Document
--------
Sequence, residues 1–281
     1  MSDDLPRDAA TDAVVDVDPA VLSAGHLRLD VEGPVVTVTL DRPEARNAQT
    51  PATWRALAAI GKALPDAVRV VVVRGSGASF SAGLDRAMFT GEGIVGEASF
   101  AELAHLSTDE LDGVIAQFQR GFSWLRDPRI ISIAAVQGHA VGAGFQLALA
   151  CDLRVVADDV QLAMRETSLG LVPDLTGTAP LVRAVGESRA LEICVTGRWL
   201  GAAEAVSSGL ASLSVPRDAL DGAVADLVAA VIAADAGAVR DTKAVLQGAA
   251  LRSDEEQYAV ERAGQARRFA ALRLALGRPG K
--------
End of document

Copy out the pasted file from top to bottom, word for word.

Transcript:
Sequence, residues 1–281
     1  MSDDLPRDAA TDAVVDVDPA VLSAGHLRLD VEGPVVTVTL DRPEARNAQT
    51  PATWRALAAI GKALPDAVRV VVVRGSGASF SAGLDRAMFT GEGIVGEASF
   101  AELAHLSTDE LDGVIAQFQR GFSWLRDPRI ISIAAVQGHA VGAGFQLALA
   151  CDLRVVADDV QLAMRETSLG LVPDLTGTAP LVRAVGESRA LEICVTGRWL
   201  GAAEAVSSGL ASLSVPRDAL DGAVADLVAA VIAADAGAVR DTKAVLQGAA
   251  LRSDEEQYAV ERAGQARRFA ALRLALGRPG K